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The events of that heady summer inspired The Who’s Pete Townshend to write his rock opera Quadrophenia. Anthony Burgess, who was never shy about making a headline, said his book A Clockwork Orange had been inspired by these “loutish” and “hoodlum” youth—even though his book had been published in 1962. Fifty years after the infamous “fighting on the beaches,” the BBC made a documentary revisiting the Mods, Rockers and Bank Holiday Mayhem that interviewed some of the youngsters who were there.
 

 
The intention of the filmmakers in this short extract from the “exploitation” documentary Primitive London is to take a pop at tribal youth culture and its fashions. The four youth cultures briefly examined are Mods, Rockers, Beatniks and those who fall outside of society.

The Mods are dismissed as “peacocks;” the Rockers are seen as lumpen and shall we say knuckle-dragging; the Beatniks don’t really know what they believe in as they are against everything, man; and finally there are the ones who are not part of any group as they consider themselves to be outside of society—apparently these guys “dissipate their identity in complete passivity”—now that sounds like a group I’d join.

Mostly it’s all about the Beatniks, who are filmed hanging out in their local bar getting drunk, answering questions on fashion, work, marriage and all the other concerns middle-aged producers thought were important in 1965. As a footnote, the bar seen in this clip is the one where Rod Stewart (aka Rod the Mod) hung out. The featured musicians are Ray Sone, harp (later of The Downliners Sect) and Emmett Hennessy, vocals, guitar.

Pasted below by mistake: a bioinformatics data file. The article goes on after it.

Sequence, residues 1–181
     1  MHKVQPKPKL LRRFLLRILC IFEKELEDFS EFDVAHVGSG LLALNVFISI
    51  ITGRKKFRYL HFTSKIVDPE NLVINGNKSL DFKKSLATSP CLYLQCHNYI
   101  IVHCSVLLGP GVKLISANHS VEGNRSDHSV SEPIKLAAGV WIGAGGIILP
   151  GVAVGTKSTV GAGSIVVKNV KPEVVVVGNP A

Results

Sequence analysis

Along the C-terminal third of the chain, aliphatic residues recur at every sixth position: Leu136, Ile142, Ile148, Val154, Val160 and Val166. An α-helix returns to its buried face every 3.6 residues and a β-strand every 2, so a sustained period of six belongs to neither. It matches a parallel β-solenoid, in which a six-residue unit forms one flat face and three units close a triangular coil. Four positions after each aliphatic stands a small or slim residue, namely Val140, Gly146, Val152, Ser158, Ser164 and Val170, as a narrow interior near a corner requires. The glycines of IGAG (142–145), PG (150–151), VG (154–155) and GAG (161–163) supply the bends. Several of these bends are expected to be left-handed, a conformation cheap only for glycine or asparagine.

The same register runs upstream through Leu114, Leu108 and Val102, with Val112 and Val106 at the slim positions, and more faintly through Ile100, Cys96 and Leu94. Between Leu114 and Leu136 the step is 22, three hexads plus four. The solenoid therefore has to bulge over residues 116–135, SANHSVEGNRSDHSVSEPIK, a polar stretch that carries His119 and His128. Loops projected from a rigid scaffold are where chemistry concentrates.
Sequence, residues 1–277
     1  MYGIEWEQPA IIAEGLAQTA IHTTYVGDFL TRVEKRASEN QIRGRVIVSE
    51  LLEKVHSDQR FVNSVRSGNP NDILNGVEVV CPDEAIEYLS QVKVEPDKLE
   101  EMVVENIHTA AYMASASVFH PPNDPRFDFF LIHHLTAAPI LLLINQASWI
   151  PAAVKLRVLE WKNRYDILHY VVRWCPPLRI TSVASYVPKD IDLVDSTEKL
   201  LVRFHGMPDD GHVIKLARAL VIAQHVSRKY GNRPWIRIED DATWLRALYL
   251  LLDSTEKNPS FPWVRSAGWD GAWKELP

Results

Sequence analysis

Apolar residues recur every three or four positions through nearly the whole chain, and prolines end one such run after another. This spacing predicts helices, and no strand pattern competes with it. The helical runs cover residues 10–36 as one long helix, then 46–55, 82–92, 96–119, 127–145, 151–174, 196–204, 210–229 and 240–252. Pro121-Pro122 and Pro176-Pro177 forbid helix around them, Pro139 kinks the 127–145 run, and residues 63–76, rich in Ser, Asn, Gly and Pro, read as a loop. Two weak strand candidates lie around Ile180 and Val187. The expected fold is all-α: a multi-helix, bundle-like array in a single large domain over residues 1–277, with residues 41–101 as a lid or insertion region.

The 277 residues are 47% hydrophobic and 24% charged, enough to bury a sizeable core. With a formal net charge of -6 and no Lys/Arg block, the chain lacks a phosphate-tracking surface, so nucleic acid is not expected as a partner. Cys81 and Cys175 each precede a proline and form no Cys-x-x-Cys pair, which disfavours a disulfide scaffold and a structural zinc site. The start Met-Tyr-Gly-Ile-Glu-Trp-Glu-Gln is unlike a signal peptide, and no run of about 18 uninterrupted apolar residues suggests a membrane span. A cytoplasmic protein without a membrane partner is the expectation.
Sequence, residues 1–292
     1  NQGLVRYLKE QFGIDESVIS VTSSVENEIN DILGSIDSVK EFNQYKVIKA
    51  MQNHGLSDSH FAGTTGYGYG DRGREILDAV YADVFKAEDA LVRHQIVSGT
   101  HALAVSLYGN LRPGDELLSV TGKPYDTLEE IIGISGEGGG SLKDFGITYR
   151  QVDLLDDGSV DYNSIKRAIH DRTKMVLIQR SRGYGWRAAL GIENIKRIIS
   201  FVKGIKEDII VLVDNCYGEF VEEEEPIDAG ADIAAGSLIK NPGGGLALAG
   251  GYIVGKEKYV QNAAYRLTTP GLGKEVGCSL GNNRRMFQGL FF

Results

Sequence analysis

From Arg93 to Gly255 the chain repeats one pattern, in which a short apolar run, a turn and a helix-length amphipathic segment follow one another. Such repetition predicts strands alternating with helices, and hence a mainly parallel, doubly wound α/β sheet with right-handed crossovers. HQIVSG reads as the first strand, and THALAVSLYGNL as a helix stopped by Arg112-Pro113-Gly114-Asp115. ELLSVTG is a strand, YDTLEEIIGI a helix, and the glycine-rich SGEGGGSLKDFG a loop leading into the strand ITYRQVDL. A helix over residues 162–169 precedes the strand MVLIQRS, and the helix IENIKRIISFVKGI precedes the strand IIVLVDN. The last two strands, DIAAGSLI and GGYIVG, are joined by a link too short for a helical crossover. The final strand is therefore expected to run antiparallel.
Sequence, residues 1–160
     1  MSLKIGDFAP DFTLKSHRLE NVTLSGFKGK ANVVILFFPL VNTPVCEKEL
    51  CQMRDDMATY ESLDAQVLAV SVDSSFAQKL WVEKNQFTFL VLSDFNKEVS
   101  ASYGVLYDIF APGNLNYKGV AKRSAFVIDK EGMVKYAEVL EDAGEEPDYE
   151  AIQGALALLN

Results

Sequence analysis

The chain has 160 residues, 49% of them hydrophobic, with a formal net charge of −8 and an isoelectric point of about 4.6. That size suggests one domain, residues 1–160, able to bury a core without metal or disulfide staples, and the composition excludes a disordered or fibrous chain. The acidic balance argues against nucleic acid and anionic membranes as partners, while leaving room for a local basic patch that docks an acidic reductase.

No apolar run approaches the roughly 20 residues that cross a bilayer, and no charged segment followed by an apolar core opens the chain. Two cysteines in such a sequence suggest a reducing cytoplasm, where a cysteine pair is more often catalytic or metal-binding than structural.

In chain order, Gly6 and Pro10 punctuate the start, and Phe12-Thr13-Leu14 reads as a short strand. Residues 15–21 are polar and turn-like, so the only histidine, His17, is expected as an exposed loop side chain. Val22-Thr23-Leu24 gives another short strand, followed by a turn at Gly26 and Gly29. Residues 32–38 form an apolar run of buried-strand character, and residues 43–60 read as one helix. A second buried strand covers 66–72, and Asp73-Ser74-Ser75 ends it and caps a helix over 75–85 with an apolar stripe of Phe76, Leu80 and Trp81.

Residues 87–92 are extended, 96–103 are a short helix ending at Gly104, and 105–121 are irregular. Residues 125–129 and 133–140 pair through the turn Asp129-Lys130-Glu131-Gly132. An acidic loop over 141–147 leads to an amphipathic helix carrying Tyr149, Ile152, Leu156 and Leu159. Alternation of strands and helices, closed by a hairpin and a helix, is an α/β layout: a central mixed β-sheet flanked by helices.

Posted by Paul Gallagher | Discussion
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Bobby Fuller’s original demo of ‘I Fought the Law’ is a lot better than the version we all know


 
The Bobby Fuller Four’s version of Sonny Curtis’ “I Fought the Law” has been a beloved fixture in the American pop song canon for very good reason. It’s got a lot going for it: a catchy riff, a wonderful, wistful vocal performance, lost love, rebel cache (“I fought the law…”), fatalism (”…the law won”), and one of the most indelible singalong choruses in the entire history of choruses. And for those who know Fuller’s life story, the song has an undercurrent of the tragic to it—he was found dead under shockingly tawdry and mysterious circumstances just months after releasing the record that would finally bring him enduring fame.

But while the last half-century has been very kind to the song, 2015 is already shaping up to be a great year for it. The 1966 Mustang Records single has been inducted into the Grammy Awards Hall of Fame despite never actually having won a Grammy—to be fair, in the categories it might have qualified for, nods went to Frank Sinatra, Paul McCartney, and the Mamas & the Papas, all obviously worthies, so it’s not like the song was slighted—and Fuller’s original self-recorded demo of the song is finally getting a proper release, on the long-running archivist/garage label Norton Records, as a 7”. It’s been on some limited rarities comps here and there, but has never until now known the tender kiss of sweet, sweet vinyl.